Nebraska September 21, 2016
The Story Behind This Haunted Battlefield In Nebraska Is Truly Creepy
The Battle of Warbonnet Creek was a short, intense fight between the U.S. Army (led by Buffalo Bill Cody) and a band of Cheyenne warriors. There was only one casualty in the battle, but the site is said to be haunted by the spirits of many…and once you hear the story, you may understand why.
In the vast grasslands outside of present-day Harrison, a plot was brewing on July 17, 1876.
The previous month, General Custer and his soldiers were defeated at the Battle of Little Bighorn. Many Native Americans, hopeful after this success, came together to break free of the reservations and fight for their land. Some 200 to 300 Cheyenne warriors left the Red Cloud and Spotted Tail reservations in Nebraska with their families.
Immediately following Custer's defeat, the US Army had begun fortifying their defenses against just such an uprising. Colonel Wesley Merritt, commander of the US 5th Cavalry Regiment, learned of the Cheyenne movement and laid a trap to stop their progress.
Led by a young Buffalo Bill Cody, Merritt and his troops set an ambush along Warbonnet Creek. Approximately 350 soldiers hid in covered wagons while a decoy wagon train set out across the valley. When the Cheyenne saw the vulnerable travelers, they sent six warriors to attack. Accounts vary as to whether they knew it was a trap and willingly sent the small group to deflect attention from the larger group. Some versions of the story also state that the unescorted valley travelers were not part of the ambush, but were instead vulnerable couriers who needed to be saved.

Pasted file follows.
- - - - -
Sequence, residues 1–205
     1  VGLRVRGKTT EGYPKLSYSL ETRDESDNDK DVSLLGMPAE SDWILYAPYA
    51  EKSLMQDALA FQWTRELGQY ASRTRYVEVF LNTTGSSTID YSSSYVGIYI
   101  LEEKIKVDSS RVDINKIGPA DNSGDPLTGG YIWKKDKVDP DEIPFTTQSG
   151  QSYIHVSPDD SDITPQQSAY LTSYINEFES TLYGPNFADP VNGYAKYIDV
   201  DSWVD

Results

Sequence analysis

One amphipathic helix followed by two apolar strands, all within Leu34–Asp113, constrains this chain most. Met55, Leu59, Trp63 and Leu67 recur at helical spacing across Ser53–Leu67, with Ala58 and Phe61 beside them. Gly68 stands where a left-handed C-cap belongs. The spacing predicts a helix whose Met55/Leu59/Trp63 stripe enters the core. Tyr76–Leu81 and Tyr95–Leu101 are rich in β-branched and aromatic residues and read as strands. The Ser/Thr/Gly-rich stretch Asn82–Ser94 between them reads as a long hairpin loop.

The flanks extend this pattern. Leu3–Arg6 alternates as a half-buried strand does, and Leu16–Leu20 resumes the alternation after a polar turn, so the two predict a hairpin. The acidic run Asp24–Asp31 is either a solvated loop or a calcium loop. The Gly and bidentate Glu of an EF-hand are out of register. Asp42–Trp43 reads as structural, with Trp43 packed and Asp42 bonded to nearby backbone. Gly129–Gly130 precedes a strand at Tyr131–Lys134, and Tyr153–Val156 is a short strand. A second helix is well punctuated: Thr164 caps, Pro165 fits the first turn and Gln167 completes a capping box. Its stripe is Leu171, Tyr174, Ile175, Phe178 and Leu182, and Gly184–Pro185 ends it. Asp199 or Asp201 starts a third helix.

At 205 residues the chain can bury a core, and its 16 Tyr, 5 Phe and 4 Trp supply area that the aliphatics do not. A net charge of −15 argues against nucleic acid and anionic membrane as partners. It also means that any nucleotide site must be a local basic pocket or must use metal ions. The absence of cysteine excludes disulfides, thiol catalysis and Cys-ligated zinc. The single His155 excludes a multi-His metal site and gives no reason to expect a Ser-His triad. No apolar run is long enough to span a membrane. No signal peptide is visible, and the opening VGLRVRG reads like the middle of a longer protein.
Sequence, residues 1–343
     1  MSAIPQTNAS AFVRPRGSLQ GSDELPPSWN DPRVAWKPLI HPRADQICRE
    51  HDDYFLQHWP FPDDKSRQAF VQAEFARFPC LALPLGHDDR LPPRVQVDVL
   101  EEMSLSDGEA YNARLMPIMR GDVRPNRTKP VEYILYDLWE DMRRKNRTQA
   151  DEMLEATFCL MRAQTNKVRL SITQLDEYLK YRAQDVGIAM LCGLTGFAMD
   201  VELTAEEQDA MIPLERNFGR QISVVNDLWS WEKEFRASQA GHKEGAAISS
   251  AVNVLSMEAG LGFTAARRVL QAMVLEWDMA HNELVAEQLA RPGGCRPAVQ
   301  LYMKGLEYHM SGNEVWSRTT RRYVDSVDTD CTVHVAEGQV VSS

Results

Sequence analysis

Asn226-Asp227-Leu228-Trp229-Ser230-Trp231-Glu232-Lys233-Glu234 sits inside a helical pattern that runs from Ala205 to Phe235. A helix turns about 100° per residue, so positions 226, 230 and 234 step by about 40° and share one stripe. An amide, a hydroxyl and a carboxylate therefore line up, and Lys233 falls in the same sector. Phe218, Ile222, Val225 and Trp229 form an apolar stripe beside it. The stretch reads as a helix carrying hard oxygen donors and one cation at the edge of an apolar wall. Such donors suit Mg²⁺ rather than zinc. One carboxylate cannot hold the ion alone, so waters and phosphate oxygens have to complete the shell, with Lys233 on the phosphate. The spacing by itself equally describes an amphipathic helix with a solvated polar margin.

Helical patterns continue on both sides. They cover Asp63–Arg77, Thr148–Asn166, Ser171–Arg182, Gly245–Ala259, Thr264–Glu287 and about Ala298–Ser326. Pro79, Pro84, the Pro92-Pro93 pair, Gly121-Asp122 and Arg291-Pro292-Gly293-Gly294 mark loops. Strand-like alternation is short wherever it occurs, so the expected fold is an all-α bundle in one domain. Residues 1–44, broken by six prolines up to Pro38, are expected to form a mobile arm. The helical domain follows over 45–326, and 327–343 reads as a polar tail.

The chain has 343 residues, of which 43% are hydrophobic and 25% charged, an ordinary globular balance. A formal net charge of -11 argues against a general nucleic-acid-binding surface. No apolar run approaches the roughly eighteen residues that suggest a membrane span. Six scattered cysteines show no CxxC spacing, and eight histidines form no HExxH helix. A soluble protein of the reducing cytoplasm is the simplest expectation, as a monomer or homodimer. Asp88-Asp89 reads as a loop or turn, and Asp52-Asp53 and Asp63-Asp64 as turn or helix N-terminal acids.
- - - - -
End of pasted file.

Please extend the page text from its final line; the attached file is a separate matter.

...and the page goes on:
Buffalo Bill and a small number of the US troops swooped in on the band of warriors. The fight was short, and there were few injuries. The single death was that of a Cheyenne warrior named Heova'ehe, or Yellow Hair. (His name is often incorrectly translated as "Yellow Hand.") Buffalo Bill shot the warrior and then scalped him, proudly proclaiming it the "first scalp for Custer." The showman would later display the scalp and some of Yellow Hair's personal effects in his Wild West Show. The remaining five warriors and the larger Cheyenne group retreated quickly, and the battle was over almost as soon as it had begun.
Although Buffalo Bill's sensationalized accounts would later claim that he killed several Cheyenne that day, official records do not support the claims. Some people have even questioned whether it was actually Buffalo Bill who killed Yellow Hair.
While the details may be a bit unclear, we do know that the battle happened, and we know that Yellow Hair was killed that day. Two memorials were erected on the battlefield. This tall marker, the Warbonnet Battlefield Monument, sits on a hill and commemorates the battle itself.
This smaller marker denotes the spot where Yellow Hair was killed. (You can see the taller monument in the far background.) It is here that many visitors report seeing an eerie green mist at night, particularly on July evenings near the anniversary of the battle. This swirling glow seems to have a sentience, and visitors say it is no illusion.
Other reports tell of hushed whispers and the soft sounds of many feet running through the grass. The voices speak in a language no one understands or recognizes. Ghost hunters have been able to record the voices and identify the whispered language as that spoken by the Cheyenne of Yellow Hair's time.
Reports of the footsteps, whispers, and green mist have been fairly consistent. It seems that, although these souls did not lose their lives on the battlefield that day, they are forever tied to the site…and forever restless.
You can visit the Warbonnet Creek Battlefield Site northeast of Harrison at the intersection of Hat Creek Road and Montrose Road, just north of the Montrose church.
If you’re looking for even more Nebraska hauntings to scare you to your core, take our ultimate three-part haunted road trip:
Part 1, Part 2, and Part 3.